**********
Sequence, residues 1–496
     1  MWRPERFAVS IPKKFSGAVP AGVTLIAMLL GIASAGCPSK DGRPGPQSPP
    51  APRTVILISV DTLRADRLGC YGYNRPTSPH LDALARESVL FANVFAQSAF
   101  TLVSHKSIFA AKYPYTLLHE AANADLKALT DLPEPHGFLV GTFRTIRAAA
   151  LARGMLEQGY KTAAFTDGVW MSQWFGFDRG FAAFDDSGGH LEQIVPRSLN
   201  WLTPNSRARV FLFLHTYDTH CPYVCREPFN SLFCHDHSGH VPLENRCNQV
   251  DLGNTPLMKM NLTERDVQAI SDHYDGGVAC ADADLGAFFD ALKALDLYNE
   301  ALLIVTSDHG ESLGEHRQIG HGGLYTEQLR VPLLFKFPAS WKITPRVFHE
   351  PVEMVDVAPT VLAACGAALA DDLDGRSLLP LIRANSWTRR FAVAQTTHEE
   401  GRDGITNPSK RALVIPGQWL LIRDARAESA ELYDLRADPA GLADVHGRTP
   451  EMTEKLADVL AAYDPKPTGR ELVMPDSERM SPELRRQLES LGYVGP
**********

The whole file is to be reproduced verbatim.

Sequence, residues 1–496
     1  MWRPERFAVS IPKKFSGAVP AGVTLIAMLL GIASAGCPSK DGRPGPQSPP
    51  APRTVILISV DTLRADRLGC YGYNRPTSPH LDALARESVL FANVFAQSAF
   101  TLVSHKSIFA AKYPYTLLHE AANADLKALT DLPEPHGFLV GTFRTIRAAA
   151  LARGMLEQGY KTAAFTDGVW MSQWFGFDRG FAAFDDSGGH LEQIVPRSLN
   201  WLTPNSRARV FLFLHTYDTH CPYVCREPFN SLFCHDHSGH VPLENRCNQV
   251  DLGNTPLMKM NLTERDVQAI SDHYDGGVAC ADADLGAFFD ALKALDLYNE
   301  ALLIVTSDHG ESLGEHRQIG HGGLYTEQLR VPLLFKFPAS WKITPRVFHE
   351  PVEMVDVAPT VLAACGAALA DDLDGRSLLP LIRANSWTRR FAVAQTTHEE
   401  GRDGITNPSK RALVIPGQWL LIRDARAESA ELYDLRADPA GLADVHGRTP
   451  EMTEKLADVL AAYDPKPTGR ELVMPDSERM SPELRRQLES LGYVGP